The Vortab Co. shared details of its Elbow Flow Conditioner. The Vortab...
Faucets for point-of-use (POU) water treatment systems must
combine an attractive, contemporary appearance with materials that ensure
safety and purity. POU faucets and systems are becoming increasingly important
to help meet consumer demands for safe, high-quality drinking water. It is
estimated that by 2020 almost every household will have a POU or point-of-entry (POE) water treatment system.
Unsafe levels of lead in drinking water are an old and
on-going issue. This can occur as a result of old fixtures that have lead
solder as well as from lead pipes. Unsafe lead levels have been found in older
drinking water systems. The U.S. Environmental Protection Agency (EPA)
recommends that lead levels in drinking water be less than 15 parts per billion.
Another area of concern is public schools. Even though the
EPA does not yet require it, some school systems have initiated plans to
replace their old drinking fountains with newer models. Test results in schools
showed that many of their bubbler fountains had unsafe levels of lead in the
Lead-free faucets are the answer to lead problems occurring
in older drinking water equipment and systems in restaurants, hotels, parks,
schools and many other applications.
Amendments to the Federal Safe Drinking Water Act had
required faucets and other endpoint plumbing devices to comply with the lead
requirements of ANSI/NSF Standard 61, Section 9, by Aug. 6, 1998. Products
covered under the scope of ANSI/NSF Standard 61, Section 9, include drinking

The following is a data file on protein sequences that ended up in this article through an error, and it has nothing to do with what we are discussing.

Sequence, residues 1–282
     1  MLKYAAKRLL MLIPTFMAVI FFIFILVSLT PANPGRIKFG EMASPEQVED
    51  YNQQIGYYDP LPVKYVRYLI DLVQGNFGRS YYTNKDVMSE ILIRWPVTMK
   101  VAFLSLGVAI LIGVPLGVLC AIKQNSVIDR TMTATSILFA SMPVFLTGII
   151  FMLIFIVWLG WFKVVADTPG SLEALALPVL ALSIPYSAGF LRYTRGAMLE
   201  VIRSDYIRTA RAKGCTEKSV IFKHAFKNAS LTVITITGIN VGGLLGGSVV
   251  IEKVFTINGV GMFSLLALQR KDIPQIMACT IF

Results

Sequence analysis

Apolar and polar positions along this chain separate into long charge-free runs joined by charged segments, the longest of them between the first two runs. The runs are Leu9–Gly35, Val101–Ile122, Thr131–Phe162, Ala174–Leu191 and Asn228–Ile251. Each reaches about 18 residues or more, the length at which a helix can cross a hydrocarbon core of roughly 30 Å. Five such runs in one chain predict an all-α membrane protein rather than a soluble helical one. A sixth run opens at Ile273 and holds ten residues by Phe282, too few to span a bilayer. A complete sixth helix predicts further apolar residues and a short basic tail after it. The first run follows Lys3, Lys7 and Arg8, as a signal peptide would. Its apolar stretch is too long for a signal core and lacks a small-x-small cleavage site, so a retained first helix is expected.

fountains, water coolers, hot water dispensers, glass fillers, kitchen and
lavatory faucets as well as residential refrigerator ice makers.
ANSI is the American National Standards Institute. This
private, non-profit organization has established procedures and policies to
help develop voluntary consensus standards. Water treatment dealers should
educate consumers on the importance of lead-free certified faucets for their
Faucets for POU, reverse osmosis (RO) and other water
treatment systems are available in either an air-gap or non air-gap version.
These faucets are constructed of stainless steel and are lead-free. Both can be
NSF listed to ANSI/NSF Standard 61-1999a. The air-gap style provides
protection from back-siphonage and commonly offers barbed wastewater
connections for 1/4-inch tubing in and 3/8-inch tubing out.
Back-siphonage is the flowing back of used, contaminated or polluted water from
a plumbing fixture or vessel into a water supply pipe due to a negative
pressure (vacuum) in the pipe.
A variety of color options for the POU faucets is available
from vendors including polished and stainless steel, polished brass, black and
white to help the consumer enhance any decor. An ergonomic handle can be used
to activate the faucet with a light touch for either intermittent or constant
flow. A gooseneck swivels and features a stream straightener and protective
tip. These faucet types should have a maximum temperature rating of 212° F
and a maximum pressure rating of 120 psi/8 BAR to efficiently dispense the
The faucets used on the indoor and outdoor drinking water
fountains can be either the "bubbler" style or the "projector
head." The bubbler incorporates the activator button right into the
faucet, which controls the flow. Some bubblers are adjustable to control flow